On March 7-8, 1862, some 10,500 Union soldiers turned back about 16,000 Confederate troops who were marching through extreme northwestern Arkansas en route to Missouri with hopes of capturing St. Louis. As a result of the battle, Missouri remained in Union hands for the duration of the Civil War and the door was quickly opened to the federal conquest of Arkansas and the lower Mississippi River.
Today, the grounds and history of that battle are preserved and interpreted as Pea Ridge National Military Park. It is one of eight Arkansas parks in the National Park System, which celebrates its centennial this year.
Pea Ridge National Military Park marks two of its own anniversaries in March – the 154th anniversary of the battle, and the one year anniversary for the new superintendent, Kevin Eads.
A 24-year veteran of the National Park Service, Eads rose to the position last year when Superintendent John Scott retired. As the chief of resource management at the park, and having lived and worked with the local communities of northwest Arkansas for the past 12 years, Eads is no stranger to the task at hand.
“It has been an amazing, and extremely short, year. However, I am no less honored and proud to serve in the superintendent’s capacity and work with the incredible staff of the park as well as the community and friends of the park. We have been able to do great things and develop creative ideas and I’m definitely looking forward to the opportunity of working with them for another year,” he said. “My vision of the park’s future is to be able to provide new and creative learning opportunities for each visitor, repair and maintain park facilities and infrastructure so that visitors can experience what the park has to offer, and continually strive to improve those experiences while preserving the historic resources of the Battle of Pea Ridge.”
Located on U.S. 62 about nine miles northeast of Rogers, the 4,300-acre Pea Ridge National Military Park preserves the entire battlefield, much of it appearing as it did when the fighting occurred.
“We were established because of the battle,” Eads said. “There were 26,000 soldiers combined that fought and thousands that fought and died. So preservation is to honor them and to memorialize their actions, both sides. The preservation also is so that we can share that story generation by generation in such a way that we are able to make it relevant to that time.”
He said the importance of the site goes beyond the actual battle itself but also speaks to bigger issues such as why the Civil War occurred and what happened afterward. All of that ties in with the area’s cultural resources as well as the natural.
Eads advises visitors to visit the park’s website, www.nps.gov/peri/, and Facebook page for information about the park and planning a visit. He also suggests making the Visitor Center the first stop to experiencing the park.
The park visitor center shows a 30-minute film, “Thunder in the Ozarks,” which recounts the battle and provides an informative and inspiring prelude to a self-guided driving tour. “There is a bookstore there as well. They can learn about the park and the layout of the park, exhibits, and trails,” Eads said.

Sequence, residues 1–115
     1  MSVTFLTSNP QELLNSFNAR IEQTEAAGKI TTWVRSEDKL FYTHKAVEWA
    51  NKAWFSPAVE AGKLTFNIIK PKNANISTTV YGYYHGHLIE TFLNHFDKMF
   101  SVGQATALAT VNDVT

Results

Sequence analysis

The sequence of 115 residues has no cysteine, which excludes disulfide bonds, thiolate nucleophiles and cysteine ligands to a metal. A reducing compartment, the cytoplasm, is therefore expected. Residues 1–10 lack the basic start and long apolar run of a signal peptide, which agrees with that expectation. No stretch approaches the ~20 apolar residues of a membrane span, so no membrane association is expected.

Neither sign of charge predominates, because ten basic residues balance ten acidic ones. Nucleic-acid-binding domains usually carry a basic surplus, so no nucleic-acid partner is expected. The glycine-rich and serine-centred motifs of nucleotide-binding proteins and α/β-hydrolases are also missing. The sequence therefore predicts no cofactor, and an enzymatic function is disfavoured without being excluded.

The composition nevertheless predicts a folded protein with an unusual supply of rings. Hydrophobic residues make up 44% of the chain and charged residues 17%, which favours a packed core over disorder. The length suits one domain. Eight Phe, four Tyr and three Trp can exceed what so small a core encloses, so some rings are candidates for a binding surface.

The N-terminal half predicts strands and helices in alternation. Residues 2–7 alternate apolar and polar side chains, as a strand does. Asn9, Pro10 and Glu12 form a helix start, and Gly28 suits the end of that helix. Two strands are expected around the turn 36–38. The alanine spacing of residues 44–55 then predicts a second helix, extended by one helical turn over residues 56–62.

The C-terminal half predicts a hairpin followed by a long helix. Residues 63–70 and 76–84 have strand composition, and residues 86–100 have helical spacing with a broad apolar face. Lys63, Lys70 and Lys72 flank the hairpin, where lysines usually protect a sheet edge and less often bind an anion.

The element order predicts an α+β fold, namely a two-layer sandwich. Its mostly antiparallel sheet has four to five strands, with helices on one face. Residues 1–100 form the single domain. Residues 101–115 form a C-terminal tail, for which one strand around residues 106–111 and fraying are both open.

The 10-stop driving tour includes wayside exhibits. Highlights of the tour include the East Overlook, from which much of the battlefield can be seen, and the reconstructed Elkhorn Tavern. “One thing we have at each of our stops is a cell phone tour,” Eads added. Exhibit panels have phone numbers to call to hear a message specific to each site for further interpretation of the battle.
While the park does preserve the battlefield and interpret the military history, it offers plenty of recreational value as well. “We get a lot of recreational visitors for just hiking or biking, horseback riding too,” Eads said. Outdoor activities include nine miles of horse trails and seven miles of hiking trails. However, the entire park, all 4,300 acres, is open for exploration. “They can go through every bit of it. They don’t have to stick to the trails. They can go through the woods if they like,” Eads added.
He said there are many layers of history from prehistoric to current day that are evident. Round Meadow in the western end of the park may be the remains of a Pleistocene lake. Eads said fossilized coral that dates to that time period has been found in the park as well. Additionally, it was once part of the Butterfield Stagecoach Route. The landscape shows remains of house foundations from before and after the Civil War, and there are two cemeteries.
The Pea Ridge battle was also noteworthy as the first Civil War battle in which Native Americans took part on a large scale. Some 1,000 Cherokees participated, including Stand Watie, who would rise to the rank of brigadier general and be the last Confederate general to surrender at war’s end. The park also has one of the longest segments of the Trail of Tears, about a 3-mile segment used by 11 Cherokee groups in the late 1830s as they marched from the southeastern U.S. to the Indian Territory during the forced migration known as “the Trail of Tears.”
To note the 154th anniversary of the Battle of Pea Ridge, the park will offer events on Saturday, March 5. “We’ll have living history demonstrations, and re-enactors set up in camps,” Eads said. “We’ll fire cannons and small arms, and give talks about the activity of firing and the battle as well.”
Eads said visitors should note that the park entrance has recently changed in conjunction with removal of the highway from within the park, and improving and expanding the parking lots.
For more Pea Ridge information, call 479-451-8122.